Email > Advanced use >
Text Standard Format (TSF)
Thu, 8 Jul 1993 18:00:51 -0700
From: postel (Jon Postel)
To: iab, iesg
Subject: Handling PostScript RFCs
It is now the
policy of the RFC Editor to publish the ASCII form of an RFC first. If the author
wishes to subsequently submit a postscript version of the document that matches
the ASCII version, that may be done. The RFC Editor will post the postscript version
in the master RFC repository and alert the primary repositories to the existence
of the postscript version.
must be remembered that the ASCII version is the official version, and that a
postscript version is a secondary version.
Jon Postel; Handling PostScript
RFCs; 8 Jul 1993.
You can format the text of a message so that
it won't get messed up when it is forwarded
around the Internet.
The formatting of an email or newsgroup posting can get messed up after several replies or forwards due to the insertion of indentation characters at the beginning of each line, elongating them until they get cut again, making them difficult to read for you and others. What might appear to start as a heart touching lesson in the wisdom of life, after four or five cycles, begins to look like an advanced test in message decryption.
can greatly reduce the chances of your messages being messed up by putting them in Text Standard
Format (TSF), a bare bones style that doesn't depend on non-text features such as line wrap, bolding, list numbering, or special characters. As described in the email at the top of this page, the Request For Comments series that documents the Internet's technical development has been released in a text-only format for decades. The first RFC 1 from 7 April 1969, contains some great examples of text-only graphics, and recent RFC's often contain similar constructions, showing how the simplest of communications technologies can be used to describe the most advanced.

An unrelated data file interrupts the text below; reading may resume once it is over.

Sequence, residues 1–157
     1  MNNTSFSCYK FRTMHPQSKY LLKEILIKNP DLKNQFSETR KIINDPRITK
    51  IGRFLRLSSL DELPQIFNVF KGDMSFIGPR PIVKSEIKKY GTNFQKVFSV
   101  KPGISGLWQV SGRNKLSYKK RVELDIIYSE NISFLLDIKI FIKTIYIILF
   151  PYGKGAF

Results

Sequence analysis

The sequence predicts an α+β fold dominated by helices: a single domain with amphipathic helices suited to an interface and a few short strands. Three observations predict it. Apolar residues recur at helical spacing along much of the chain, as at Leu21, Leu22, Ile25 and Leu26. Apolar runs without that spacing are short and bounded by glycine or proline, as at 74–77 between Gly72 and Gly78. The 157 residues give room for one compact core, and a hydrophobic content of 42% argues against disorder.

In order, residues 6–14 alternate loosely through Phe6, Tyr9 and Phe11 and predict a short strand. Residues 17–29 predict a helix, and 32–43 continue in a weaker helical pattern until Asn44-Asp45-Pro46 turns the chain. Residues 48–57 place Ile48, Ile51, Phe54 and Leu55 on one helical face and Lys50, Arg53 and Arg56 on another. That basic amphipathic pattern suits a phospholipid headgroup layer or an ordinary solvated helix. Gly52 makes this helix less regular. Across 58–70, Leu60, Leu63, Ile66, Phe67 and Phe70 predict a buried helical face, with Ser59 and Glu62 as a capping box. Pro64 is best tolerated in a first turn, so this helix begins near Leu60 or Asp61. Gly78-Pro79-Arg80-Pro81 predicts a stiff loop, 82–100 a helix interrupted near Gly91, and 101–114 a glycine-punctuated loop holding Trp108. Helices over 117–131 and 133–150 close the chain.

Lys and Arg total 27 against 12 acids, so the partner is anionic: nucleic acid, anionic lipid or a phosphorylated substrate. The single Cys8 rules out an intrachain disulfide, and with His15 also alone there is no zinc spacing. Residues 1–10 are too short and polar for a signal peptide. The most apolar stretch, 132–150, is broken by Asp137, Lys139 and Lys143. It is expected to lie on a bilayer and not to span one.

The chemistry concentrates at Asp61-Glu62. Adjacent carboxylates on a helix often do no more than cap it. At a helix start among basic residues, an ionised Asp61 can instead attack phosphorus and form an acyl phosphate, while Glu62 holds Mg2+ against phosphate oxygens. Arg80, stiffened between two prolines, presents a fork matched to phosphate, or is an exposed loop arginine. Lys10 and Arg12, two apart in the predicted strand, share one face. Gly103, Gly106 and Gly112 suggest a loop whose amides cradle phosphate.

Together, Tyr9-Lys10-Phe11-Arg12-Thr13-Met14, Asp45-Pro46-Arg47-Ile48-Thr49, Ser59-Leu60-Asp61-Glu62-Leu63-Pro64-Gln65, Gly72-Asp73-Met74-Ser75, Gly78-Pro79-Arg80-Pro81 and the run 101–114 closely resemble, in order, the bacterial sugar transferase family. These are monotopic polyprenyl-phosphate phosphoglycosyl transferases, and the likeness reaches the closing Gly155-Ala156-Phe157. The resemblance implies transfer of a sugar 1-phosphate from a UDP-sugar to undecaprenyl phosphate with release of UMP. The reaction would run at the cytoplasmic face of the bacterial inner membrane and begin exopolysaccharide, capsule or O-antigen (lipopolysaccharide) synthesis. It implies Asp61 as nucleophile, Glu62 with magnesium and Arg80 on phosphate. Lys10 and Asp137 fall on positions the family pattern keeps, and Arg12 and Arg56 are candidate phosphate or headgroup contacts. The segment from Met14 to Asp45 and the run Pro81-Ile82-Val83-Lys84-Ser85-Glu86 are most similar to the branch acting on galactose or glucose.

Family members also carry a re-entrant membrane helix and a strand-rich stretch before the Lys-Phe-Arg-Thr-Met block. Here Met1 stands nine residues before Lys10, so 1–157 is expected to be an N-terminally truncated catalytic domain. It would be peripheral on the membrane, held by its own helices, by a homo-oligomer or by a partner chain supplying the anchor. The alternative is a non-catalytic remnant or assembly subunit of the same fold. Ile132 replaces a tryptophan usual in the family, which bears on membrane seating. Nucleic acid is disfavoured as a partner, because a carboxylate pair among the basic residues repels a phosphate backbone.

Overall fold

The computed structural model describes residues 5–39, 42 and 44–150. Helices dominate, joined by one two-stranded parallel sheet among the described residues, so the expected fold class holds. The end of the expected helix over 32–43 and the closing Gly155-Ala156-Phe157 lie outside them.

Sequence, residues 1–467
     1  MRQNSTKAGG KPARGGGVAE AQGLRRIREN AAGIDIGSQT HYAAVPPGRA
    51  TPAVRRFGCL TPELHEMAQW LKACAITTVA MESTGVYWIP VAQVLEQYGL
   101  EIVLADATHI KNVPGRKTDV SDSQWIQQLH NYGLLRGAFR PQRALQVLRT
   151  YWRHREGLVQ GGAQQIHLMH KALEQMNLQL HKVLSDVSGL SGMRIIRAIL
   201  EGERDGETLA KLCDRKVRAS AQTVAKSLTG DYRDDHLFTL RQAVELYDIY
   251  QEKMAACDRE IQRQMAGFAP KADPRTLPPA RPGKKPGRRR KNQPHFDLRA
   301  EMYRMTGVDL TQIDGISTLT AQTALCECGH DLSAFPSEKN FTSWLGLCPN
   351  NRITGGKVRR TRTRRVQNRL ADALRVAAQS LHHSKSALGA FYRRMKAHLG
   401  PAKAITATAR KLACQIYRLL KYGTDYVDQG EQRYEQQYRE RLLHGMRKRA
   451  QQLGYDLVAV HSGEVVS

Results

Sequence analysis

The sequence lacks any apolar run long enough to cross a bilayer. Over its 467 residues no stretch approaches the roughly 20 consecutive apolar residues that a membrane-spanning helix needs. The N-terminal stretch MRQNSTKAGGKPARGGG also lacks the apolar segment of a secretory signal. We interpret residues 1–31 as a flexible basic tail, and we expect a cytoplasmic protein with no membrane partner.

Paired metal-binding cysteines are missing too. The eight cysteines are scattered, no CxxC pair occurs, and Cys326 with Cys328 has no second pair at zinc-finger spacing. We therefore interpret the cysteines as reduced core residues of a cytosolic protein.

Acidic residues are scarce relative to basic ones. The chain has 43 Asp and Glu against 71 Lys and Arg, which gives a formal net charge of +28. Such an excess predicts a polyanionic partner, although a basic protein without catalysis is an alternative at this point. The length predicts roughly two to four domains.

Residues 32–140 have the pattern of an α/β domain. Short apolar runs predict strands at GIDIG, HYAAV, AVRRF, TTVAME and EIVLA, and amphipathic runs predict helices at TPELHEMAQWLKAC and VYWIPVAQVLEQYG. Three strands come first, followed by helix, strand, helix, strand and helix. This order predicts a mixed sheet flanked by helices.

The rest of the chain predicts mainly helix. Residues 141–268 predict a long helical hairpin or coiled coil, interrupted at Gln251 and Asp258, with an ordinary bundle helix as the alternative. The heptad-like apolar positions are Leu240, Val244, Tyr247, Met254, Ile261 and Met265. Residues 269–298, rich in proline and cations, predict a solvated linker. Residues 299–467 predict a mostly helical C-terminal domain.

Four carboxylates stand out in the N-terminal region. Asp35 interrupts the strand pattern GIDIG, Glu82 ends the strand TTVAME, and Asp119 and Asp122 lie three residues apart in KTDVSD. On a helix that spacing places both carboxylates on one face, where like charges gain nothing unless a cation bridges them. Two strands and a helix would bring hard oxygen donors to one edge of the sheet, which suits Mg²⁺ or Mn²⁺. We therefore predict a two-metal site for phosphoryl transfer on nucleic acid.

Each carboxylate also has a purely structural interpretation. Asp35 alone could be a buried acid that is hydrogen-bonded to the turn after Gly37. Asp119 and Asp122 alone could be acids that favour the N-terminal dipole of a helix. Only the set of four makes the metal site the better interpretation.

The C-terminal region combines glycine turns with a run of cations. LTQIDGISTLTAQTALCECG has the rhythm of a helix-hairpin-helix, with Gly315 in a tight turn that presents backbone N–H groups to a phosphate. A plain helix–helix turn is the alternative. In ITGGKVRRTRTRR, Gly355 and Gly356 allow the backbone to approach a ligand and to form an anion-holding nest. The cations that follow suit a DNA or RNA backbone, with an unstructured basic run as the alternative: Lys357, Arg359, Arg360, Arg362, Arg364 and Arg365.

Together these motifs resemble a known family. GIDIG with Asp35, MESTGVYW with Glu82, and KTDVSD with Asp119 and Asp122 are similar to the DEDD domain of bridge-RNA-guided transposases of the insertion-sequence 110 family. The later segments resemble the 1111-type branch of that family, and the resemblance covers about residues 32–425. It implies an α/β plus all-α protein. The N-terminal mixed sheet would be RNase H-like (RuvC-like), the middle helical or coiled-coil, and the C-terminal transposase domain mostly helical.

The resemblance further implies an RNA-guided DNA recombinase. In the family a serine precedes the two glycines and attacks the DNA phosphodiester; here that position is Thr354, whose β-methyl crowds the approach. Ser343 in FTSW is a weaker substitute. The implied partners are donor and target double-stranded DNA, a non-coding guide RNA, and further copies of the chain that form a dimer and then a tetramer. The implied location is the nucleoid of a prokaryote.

When putting a message into TSF, you should perform the conversion once at the end
of your composition, since it is difficult to edit once you have manually cut the line lengths. Typically
you would go to this kind of effort only for important messages when you suspect it will be forwarded
more than once.
To convert text to TSF, the first step is to manually add carriage returns to ensure that each line is under 70 characters to avoid truncations during later processing. The following procedure describes a fast and relatively exact method:
- Go to the top of the text and type the numbers
1 through 0 on a line by itself, like the following:
Then select the string, copy
it, and then paste it seven times to create a ruler of seventy characters
like the following:
- Go through the text from top to
bottom and add manual carriage returns at the end of every line (usually with <shift+enter>) to ensure all of the lines
are shorter than the 70 character line.
At seventy characters or less,
the lines are short enough to pass through most email programs and mailing list
software with enough room for addition of a forward character or two without
being messed up. If you think your email will get forwarded
more than twice, you can perform the procedure with a 60 character line, maximizing the chances of surviving at least five cycles.
To complete the process of converting your message to TSF, you can add the
usual typographical flourishes by manually centering headings with spaces, underlining
text with dashes on a separate line, numbering sections manually, and using dashes,
small 'o's, and other characters for bullets, as shown in the example below. This
kind of formatting works well, among other reasons, because indent spaces align the same in
Text Standard Format
1.0 Section One
Text neutral formats:
a. Bullet one of the list
with manual line break.
- Level two bullet 1.
- Level two bullet 2.
o Level three bullet.
o Another level 3 bullet.
b. Second level one bullet.
c. Three level one bullets.
Resources. The following resource provides more information about email and text formatting: